# For what $x\in[0,1]$ is $y = \sum\limits_{k = 1}^\infty\frac{\sin( k!^2x )}{k!}$ differentiable?

For what $x\in[0,1]$ will the function $y = \sum\limits_{k = 1}^\infty\frac{\sin( k!^2x )}{k!}$ be differentiable? How do you know?

Here is the equation expressed more clearly on Wolfram Alpha. The only difference is that 10 should be Infinity (Wolfram apparently can't handle that yet).

I'm trying to understand for what $x\in[0,1]$ this function is differentiable. I've used a computer to plot the graph of $y'$ (the derivative of the function) with the upper limit (top number of sigma) as 10, and then with the upper limit as 11, 12... it looks like these "zig-zags" continue to exist as you "go deeper" into the function.

...so I'm thinking the values of $x\in[0,1]$ that make the function differentiable are all of them... But is my line of thinking correct? How can I validate?

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On the contrary, it looks to me as if the sum is nowhere differentiable. –  Henning Makholm Sep 24 '11 at 5:49
Have you tried taking the derivative of the sum? –  JSchlather Sep 24 '11 at 6:05
@Jacob, that is the goal. Now, the sum of the derivatives would be something (but that diverges wildly at every rational multiple of $\pi$, which probably ought to tell us something). –  Henning Makholm Sep 24 '11 at 6:10
Can you answer the question at ONE value of $x$ to start with? Say, the obvious first choice, $x=0$. And, there is no reason to restrict $x$ to $[0,1]$, the function is perfectly well-defined for all $x$, and periodic with period $2\pi$. –  GEdgar Sep 24 '11 at 13:54
@daze, it is nowhere differentiable because for every $x_0$, the difference quotient $\frac{f(x)-f(x_0)}{x-x_0}$ can be made arbitrarily large for $x$ arbitrarily close to $x_0$. As you observe yourself the "zig-zags continue to exist as you go deeper into the function". That means it can't be differentiable, because differentiable means that the function must begin to look linear as you zoom closer in. The sum of the derivatives is $\sum_k k!\cos(k!^2x)$ which fails spectacularly to converge, so I don't see how you could even graph it. –  Henning Makholm Oct 7 '11 at 12:13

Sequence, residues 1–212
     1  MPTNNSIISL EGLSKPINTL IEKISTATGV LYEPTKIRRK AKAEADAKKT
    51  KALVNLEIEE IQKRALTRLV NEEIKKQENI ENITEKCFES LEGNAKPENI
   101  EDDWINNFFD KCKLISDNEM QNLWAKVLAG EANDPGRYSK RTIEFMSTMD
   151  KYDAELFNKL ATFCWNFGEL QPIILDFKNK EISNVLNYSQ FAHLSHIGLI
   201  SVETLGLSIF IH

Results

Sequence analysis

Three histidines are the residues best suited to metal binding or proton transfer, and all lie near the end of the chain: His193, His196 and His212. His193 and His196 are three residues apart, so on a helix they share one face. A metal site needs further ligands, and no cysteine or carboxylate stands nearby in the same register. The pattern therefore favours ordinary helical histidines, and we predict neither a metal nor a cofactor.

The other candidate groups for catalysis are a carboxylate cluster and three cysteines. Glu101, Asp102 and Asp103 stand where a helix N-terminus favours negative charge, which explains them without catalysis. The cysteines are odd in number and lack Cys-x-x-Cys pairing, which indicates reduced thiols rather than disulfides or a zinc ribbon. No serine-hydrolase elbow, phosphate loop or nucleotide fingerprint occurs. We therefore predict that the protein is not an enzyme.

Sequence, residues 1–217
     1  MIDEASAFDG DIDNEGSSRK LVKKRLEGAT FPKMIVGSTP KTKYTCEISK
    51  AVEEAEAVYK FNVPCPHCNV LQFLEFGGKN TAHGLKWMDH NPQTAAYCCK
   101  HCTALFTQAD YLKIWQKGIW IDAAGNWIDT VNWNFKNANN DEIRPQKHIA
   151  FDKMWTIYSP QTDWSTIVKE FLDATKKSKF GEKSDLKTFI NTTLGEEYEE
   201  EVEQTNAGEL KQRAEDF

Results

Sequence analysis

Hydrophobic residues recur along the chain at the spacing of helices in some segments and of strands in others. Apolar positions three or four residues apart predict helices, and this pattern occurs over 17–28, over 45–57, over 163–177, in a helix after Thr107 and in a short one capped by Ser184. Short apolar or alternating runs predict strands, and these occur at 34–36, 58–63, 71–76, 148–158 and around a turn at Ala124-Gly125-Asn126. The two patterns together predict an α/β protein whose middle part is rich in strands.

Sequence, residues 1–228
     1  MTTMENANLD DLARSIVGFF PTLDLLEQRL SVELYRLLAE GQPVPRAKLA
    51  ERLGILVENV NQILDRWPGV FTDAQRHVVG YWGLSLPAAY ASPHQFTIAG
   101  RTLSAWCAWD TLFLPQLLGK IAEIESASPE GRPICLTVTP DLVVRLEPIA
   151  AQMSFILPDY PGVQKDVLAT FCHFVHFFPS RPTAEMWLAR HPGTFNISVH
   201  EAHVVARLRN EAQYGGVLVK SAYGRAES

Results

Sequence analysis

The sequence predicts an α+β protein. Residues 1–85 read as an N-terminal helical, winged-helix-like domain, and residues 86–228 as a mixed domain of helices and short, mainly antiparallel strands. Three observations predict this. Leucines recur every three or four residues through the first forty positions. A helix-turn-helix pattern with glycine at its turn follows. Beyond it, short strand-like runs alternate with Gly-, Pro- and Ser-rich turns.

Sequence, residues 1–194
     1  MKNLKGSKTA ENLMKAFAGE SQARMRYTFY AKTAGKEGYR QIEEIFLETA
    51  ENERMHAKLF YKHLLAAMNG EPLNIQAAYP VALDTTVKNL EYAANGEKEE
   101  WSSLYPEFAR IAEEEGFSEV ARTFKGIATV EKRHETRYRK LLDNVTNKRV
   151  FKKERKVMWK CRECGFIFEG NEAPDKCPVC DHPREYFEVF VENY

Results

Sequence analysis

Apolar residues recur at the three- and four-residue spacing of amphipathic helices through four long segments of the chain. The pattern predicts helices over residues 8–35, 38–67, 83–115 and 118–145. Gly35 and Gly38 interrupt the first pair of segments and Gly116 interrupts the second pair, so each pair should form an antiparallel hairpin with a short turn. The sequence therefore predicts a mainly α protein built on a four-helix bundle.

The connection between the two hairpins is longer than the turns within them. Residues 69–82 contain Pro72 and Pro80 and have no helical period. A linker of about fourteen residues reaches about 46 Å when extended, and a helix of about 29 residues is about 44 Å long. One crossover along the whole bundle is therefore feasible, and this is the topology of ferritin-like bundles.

Thanks to great comments from people like Henning Makholm, I have an answer, and I decided to summarize it here. (Please edit this if I have any inaccuracies.)

First of all, I was mistaken in my supposed graphing of the derivative. The derivative of y equates to the sum of the derivatives, namely $y' = \sum\limits_{k = 1}^\infty\ k!cos(k!^2x)$

This sum diverges, meaning it should be impossible to graph the derivative. We know the sum diverges because cos oscillates between -1 and 1.

As Henning Makholm says, "[The graph of y] is nowhere differentiable because for every $x_0$, the difference quotient $\frac{\ f(x)−f(x_0)}{x−x_0}$ can be made arbitrarily large for $x$ arbitrarily close to $x_0$." This means that we have points of non-differentiability at every point in the graph. Also, if we examine the graph of y with increasing magnification, we see that the "zig zags" continue to appear, and this further confirms the non-differentiability of all points.

Therefore, for no $x\in[0,1]$ is the function y differentiable.

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A minor addition: I think it is possible to construct special values of $x$ such that $\sum_k k!\cos(k!^2 x)$ converges -- but it diverges for a dense set of $x$'s, namely at least all rational multiples of $\pi$: If $x=p/q$, then $k!^2x$ is a multiple of $2\pi$ for all $k>q+1$, so from that point the cosine is always $1$, so the remaining terms of the series are all just $k!$ and clearly diverge. (Note that $f$ does not have to be differentiable just because the sum of derivatives converges, at least not as long as it doesn't converge in an open interval). –  Henning Makholm Oct 8 '11 at 0:29
Also, thanks for making sure the question will not appear unanswered in the question list. –  Henning Makholm Oct 8 '11 at 0:30